Palestine Monitor factsheet - Updated: 15 March 2010
"Israeli settlements in the Occupied Palestinian Territory, including East Jerusalem, are illegal and an obstacle to peace and to economic and social development [... and] have been established in breach of international law."
International Court of Justice Ruling, July 9, 2004
Settlements: The Facts
There are currently 121 Israeli colonies, often referred to as "settlements", and approximately 102 Israeli outposts built illegally on Palestinian land occupied militarily by Israel since 1967 (West Bank, East Jerusalem and the Golan Heights). All of these settlements and outposts are illegal under international law and have been condemned by numerous United Nations Security Council resolutions. Israeli outposts are considered illegal under Israeli law.
These settlements and outposts are inhabited by a population of some 462,000 Israeli settlers. 191,000 Israelis are living in settlements around Jerusalem and a further 271,400 are further spread throughout the West Bank. The settler population has grown consistently between 4-6% per year over the last two decades, a much higher rate of growth than Israeli society as a whole (1.5%).
Approximately 385,000 settlers in 80 settlements will be located between the Separation Wall and the Green Line if Israel holds to projected plans.
In 2008, amidst the ‘settlement freeze’ agreed upon in the Annapolis framework, tenders for new settle-ment building increased by 550% from 2007. Actual settlement construction has increased by 30% since the launching of the new round of peace talks. Settlement building around Jerusalem has increased by a factor of 38.
A total of 9,000 further housing units have been approved in East Jerusalem, and approximately 2,600 new housing units are being built east of the Separation Wall, comprising 55% of all settlement construc-tion activity.
Settlements are built on less than 3 percent of the area of the West Bank. However, due to the extensive network of settler roads and restrictions on Palestinians accessing their own land, Israeli settlements domi-nate more than 40 percent of the West Bank.
The Israeli settlements
The Israeli Settler movement has continued growing and expanding throughout the last few decades in spite of the international condemnation it has accrued for Israel, and regardless of which political party holds sway in Tel Aviv. That is to say that settlement building on the land occupied in 1967 is not a policy of either the right or the left; it is the policy of Israel. Even those in Israel who now loudly call for a swift two-state solution, for fear that it will soon become impossible, have done little or nothing to stop the expansion of settlements - even during the on-going Annapolis Peace Process.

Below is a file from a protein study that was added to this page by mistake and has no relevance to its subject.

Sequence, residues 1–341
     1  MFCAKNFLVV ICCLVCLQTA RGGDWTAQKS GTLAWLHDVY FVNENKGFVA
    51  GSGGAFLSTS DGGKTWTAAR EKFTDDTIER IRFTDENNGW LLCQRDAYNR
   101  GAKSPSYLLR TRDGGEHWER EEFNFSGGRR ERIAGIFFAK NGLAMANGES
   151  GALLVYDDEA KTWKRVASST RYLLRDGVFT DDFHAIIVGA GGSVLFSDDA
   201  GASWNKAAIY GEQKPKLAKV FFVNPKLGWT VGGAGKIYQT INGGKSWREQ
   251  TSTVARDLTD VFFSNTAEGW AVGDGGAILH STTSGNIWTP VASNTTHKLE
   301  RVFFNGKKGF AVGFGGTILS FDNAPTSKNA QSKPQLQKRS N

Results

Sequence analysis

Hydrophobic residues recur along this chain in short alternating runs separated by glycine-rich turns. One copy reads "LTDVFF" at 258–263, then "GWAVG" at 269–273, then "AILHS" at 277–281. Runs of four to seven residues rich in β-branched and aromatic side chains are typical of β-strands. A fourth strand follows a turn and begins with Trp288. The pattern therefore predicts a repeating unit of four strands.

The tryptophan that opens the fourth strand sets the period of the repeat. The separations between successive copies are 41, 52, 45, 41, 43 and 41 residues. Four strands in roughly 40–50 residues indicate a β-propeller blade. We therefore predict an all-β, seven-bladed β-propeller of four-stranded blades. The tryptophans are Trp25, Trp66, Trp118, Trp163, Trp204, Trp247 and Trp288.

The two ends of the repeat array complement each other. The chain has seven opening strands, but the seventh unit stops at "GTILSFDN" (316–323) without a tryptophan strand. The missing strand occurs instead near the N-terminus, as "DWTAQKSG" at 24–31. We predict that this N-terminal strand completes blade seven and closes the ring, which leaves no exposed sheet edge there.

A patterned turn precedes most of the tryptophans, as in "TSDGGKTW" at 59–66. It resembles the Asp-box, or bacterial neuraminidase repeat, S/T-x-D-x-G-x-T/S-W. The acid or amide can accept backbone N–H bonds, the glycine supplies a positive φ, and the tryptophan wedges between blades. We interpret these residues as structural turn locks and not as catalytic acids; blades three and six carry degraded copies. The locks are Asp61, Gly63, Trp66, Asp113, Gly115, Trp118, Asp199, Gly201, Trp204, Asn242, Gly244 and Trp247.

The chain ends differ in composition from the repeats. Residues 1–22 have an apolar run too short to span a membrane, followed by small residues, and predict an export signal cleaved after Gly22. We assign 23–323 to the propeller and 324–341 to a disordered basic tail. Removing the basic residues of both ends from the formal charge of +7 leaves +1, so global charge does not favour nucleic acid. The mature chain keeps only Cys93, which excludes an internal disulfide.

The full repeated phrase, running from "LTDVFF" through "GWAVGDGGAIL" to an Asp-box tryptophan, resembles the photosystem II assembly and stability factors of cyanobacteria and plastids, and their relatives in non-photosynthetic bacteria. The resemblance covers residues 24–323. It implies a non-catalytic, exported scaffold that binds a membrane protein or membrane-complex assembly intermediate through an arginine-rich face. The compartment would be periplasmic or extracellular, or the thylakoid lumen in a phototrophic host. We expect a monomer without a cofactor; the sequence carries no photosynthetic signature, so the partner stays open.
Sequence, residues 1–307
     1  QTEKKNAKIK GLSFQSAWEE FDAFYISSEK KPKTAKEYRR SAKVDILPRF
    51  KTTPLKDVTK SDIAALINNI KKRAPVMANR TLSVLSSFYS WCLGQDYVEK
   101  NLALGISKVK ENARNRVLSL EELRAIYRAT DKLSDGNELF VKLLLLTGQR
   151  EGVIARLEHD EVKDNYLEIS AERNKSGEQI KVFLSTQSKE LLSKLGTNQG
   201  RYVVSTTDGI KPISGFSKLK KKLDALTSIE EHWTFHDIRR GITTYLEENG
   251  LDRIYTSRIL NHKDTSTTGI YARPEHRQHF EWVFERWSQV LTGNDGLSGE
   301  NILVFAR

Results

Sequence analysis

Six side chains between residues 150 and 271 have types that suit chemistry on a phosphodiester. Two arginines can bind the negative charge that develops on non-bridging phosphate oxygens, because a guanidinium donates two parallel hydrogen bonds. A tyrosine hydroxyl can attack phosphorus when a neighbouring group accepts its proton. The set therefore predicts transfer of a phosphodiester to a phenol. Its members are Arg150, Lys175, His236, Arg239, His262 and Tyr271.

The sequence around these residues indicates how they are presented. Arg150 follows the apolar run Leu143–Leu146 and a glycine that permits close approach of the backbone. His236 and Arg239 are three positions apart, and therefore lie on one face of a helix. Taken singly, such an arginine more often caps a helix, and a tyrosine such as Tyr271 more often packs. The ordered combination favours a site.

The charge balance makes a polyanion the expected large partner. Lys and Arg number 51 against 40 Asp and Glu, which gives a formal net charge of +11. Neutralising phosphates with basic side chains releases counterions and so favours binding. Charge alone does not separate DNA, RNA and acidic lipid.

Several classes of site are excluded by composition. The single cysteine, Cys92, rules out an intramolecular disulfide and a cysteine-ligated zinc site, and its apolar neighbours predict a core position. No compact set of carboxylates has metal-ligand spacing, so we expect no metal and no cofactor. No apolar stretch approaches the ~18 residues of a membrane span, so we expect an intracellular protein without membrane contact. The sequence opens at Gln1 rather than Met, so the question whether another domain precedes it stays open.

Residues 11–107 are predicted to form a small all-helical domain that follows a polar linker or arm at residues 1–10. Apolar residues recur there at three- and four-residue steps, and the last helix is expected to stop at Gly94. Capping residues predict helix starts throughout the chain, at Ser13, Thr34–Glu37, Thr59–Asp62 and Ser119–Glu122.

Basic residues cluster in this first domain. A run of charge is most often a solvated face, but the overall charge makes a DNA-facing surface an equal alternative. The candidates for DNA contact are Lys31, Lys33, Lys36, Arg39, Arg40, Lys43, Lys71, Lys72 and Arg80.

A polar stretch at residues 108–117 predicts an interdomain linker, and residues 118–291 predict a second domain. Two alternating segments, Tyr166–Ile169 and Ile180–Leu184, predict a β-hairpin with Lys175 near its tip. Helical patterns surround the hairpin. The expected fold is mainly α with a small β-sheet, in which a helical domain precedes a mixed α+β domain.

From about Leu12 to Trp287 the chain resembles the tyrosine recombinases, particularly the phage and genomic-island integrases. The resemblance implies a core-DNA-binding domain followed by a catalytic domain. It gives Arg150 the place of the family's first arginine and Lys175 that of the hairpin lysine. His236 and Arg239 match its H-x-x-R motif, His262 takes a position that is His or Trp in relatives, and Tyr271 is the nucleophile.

- Making the desert bloom with concrete
- Picture: Palestine Monitor
Settlers and settlements compose one of the most difficult challenges to peace. Those who self-identify as settlers are ideologically committed to staying on their land regardless of what their government or military think. Many of these settlers have built their communities in areas far east of Israel proper and often far east of the illegal separation Wall that encloses the majority of illegal settlements. These settlers are often will-ing to use violence against both Israelis and Palestinians to have their way, and have stepped up their acts of terror and intimidation throughout the peace process.
Those settlers living in the blocks surrounding Jerusalem largely identify themselves as ‘economic settlers’, or those who have been enticed to settle in occupied lands by the variety of public and private incentives laid at their door. Ironically these settlers are the most willing to leave and repatriate back to Israel; while they are at the same time those settlements least likely to be conceded by Israel in negotiations.
It is important to remember that though the settlements and settlers themselves are significant obstacles to peace, the large security apparatus and infrastructure which unite them to Israel proper pose even more dif-ficult challenges, as by-pass roads between settlements slice the West Bank into a series of economically and politically isolated ‘bantustans’. Furthermore, settlements are often located in strategic areas which capture vital resouces such as water and agricultural land.
Israel’s continued insistence upon the legitimacy of the settler movement provides a tough challenge for negotiators who are able to recognize the inherent impossibility of maintaining nearly half a million hostile citizens of Israel in a future, highly incontiguous Palestinian state. Regardless of this reality, the movement continues to grow stronger and more determined day by day.
Settlement vs. Outpost
Since 1967, successive Israeli governments have established settlements in violation of international law; colonizing Palestinian territories in order to con-solidate and secure control of these areas and prevent the emergence of a Palestinian state.
Originally used to describe any new Jewish develop-ment in Israel, the term ‘settlements’ now refers to Jewish-only housing units built in strategic areas of East Jerusalem and the West Bank, on land occupied by Israel in 1967.
Most settlements begin as ‘outposts’. These are often composed of just a few families who live in caravans whilst awaiting infrastructure and financial support from the state and other sympathetic communities both inside Israel and abroad.
Of the more than 120 settlement outposts in the West Bank, 58 were established after March 2001. Only three have been dismantled since the Annapolis process began.
Moreover, Israel continues to speak of removing only “unauthorized” outposts (i.e., those estab-lished in violation of domestic Israeli law) and have identified only 26 which fit this description. Neither the Road Map, nor the successive UN resolu-tions, contain or respect Israel’s domestic distinction between legal and illegal settlements or outposts.
Settlements are linked to each other and to Israel by an extensive network of “bypass roads”.
All bypass roads have a 50–75m buffer zone on each side, where no construction is allowed. These buffer zones have led to a great loss of agricultural and privately-owned Palestinian land.